The Inheritance Trilogy #1
Written: N.K. Jemisin
Published: February 25, 2010
Obtained via: Gift from a friend
Yeine Darr is an outcast from the barbarian north. But when her mother dies under mysterious circumstances, she is summoned to the majestic city of Sky. There, to her shock, Yeine is named an heiress to the king. But the throne of the Hundred Thousand Kingdoms is not easily won, and Yeine is thrust into a vicious power struggle with cousins she never knew she had. As she fights for her life, she draws ever closer to the secrets of her mother’s death and her family’s bloody history.
With the fate of the world hanging in the balance, Yeine will learn how perilous it can be when love and hate – and gods and mortals – are bound inseparably together.
N.K. Jemisin’s The Hundred Thousand Kingdoms twists and pulls traditional fantasy more times than a piece of string on a pair of knitting needles. We have all the usual epic fantasy elements: strange gods, a stoic king, a beautiful palace, powerful magic, and a youngster trying to find her place in the world. Except that none of those pieces fit together in any of the usual ways: the king is a tyrant, the palace is poison, the youngster already ruled her homeland before we met her, and the gods are weapons and slaves turned against each other by mortal hand.
The world of The Hundred Thousand Kingdoms is exotic and strange, and the Palace of Sky is the strangest, most exotic place in all the land. It is a place where the ruling family is dozens (maybe hundreds) strong and where the large majority of them work as servants, but the only slaves in the place aren’t human — they’re gods. Yeine is thrust into this strange world – her mother’s world – where she’s been declared heir to the kingdom, if she can survive. Surviving won’t be easy, though, with her two cousins doing their best to kill her and with the god-slaves trying to draw her into their own dangerous conspiracies.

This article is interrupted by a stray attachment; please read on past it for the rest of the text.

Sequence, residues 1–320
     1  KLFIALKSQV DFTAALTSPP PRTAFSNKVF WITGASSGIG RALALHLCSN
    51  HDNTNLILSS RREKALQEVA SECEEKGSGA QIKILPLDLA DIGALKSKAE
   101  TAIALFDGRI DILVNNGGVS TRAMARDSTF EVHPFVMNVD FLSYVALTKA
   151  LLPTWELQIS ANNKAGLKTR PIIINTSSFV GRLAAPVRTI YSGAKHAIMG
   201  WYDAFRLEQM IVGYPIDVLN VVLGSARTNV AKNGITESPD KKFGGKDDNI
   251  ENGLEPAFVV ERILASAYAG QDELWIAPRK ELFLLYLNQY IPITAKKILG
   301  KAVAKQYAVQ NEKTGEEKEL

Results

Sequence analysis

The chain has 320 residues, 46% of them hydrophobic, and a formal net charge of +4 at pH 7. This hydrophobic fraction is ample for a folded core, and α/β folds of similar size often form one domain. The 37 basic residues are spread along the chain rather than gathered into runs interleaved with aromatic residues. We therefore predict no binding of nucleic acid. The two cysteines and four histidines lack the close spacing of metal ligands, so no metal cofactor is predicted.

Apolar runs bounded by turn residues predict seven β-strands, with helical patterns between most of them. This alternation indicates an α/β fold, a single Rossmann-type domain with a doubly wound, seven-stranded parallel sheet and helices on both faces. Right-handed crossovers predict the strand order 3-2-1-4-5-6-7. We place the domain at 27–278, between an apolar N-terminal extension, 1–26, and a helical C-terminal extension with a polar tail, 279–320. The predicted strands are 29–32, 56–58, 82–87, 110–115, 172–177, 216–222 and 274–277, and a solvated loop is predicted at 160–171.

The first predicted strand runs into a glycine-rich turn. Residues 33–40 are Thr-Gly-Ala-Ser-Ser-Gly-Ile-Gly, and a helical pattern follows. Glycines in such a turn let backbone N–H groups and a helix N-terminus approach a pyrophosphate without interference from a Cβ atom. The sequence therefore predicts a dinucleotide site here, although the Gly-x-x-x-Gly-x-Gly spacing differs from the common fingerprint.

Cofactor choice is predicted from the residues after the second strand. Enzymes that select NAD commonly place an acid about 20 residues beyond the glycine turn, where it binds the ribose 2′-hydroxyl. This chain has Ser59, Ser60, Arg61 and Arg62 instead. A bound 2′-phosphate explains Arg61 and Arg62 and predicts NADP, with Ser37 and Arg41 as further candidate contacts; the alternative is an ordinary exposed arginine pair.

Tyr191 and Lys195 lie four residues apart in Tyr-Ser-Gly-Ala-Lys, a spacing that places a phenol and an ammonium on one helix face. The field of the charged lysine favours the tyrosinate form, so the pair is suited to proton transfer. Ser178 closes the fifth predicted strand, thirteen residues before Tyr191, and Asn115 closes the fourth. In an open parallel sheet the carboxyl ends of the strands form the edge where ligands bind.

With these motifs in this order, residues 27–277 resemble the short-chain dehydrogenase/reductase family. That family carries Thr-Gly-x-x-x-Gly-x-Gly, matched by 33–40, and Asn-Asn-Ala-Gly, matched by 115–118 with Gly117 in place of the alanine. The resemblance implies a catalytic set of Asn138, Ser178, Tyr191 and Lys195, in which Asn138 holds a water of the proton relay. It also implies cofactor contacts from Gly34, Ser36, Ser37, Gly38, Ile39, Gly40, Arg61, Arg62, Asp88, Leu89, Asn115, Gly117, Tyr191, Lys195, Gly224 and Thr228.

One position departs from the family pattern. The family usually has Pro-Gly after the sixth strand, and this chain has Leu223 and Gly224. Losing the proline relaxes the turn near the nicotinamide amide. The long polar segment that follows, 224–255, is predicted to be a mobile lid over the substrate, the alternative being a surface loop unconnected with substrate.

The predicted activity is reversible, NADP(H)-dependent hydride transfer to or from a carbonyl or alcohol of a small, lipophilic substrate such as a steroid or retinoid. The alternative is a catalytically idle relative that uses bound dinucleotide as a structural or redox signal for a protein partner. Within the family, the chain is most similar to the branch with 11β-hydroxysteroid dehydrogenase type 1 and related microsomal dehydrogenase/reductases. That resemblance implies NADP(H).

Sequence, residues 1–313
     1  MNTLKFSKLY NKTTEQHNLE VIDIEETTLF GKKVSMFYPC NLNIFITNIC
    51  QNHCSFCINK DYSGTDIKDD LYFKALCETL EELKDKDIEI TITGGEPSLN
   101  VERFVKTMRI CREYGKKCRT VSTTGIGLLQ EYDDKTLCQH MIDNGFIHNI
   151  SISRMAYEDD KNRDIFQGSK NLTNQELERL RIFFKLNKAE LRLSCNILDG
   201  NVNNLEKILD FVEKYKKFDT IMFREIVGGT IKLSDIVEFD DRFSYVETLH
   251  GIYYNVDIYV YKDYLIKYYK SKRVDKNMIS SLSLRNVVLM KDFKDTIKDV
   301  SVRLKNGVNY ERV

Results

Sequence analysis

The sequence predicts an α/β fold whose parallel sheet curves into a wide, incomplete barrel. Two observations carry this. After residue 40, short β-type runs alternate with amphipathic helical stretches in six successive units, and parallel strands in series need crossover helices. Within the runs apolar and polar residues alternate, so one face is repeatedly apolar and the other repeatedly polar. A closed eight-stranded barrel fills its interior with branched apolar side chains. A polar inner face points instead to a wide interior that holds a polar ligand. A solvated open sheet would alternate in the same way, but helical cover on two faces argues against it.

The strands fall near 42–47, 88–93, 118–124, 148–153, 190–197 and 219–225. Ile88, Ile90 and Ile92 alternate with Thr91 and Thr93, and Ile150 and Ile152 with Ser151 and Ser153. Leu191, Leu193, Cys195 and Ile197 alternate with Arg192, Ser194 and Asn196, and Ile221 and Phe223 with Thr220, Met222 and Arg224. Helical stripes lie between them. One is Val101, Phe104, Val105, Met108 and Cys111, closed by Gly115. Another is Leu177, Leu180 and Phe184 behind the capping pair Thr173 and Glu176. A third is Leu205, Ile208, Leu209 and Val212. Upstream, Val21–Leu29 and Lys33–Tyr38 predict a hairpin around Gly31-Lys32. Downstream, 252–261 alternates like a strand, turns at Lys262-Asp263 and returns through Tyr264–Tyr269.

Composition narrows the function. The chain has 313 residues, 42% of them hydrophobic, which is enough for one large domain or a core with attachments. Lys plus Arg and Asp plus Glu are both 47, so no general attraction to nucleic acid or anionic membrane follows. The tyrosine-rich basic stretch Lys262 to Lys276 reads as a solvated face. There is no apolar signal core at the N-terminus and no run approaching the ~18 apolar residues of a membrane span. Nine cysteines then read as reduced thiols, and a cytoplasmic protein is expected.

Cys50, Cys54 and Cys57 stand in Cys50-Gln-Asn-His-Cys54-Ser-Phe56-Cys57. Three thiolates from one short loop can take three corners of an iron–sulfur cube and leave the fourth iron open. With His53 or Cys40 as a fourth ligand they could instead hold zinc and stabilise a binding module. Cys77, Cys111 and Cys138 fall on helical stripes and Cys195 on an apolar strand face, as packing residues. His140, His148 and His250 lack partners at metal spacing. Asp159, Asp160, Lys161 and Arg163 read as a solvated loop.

This book is cruel and strange; deadly and beautiful; by turns compelling and repulsive. I’ve seen a whole truckload of hype about this book, and I’m not entirely convinced that it’s lived up to all of it. But I daresay that it was woven well and uniquely and is worth a look for any fantasy fan. I’m looking forward to having the time to take #2 – The Broken Kingdoms off my shelf.
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Interested in winning your own copy of The Hundred Thousand Kingdoms? Leave a comment on this post by midnight ET on February 28th, 2011 to be entered to win. (1 entry per person, drawn at random. Must have US shipping address.)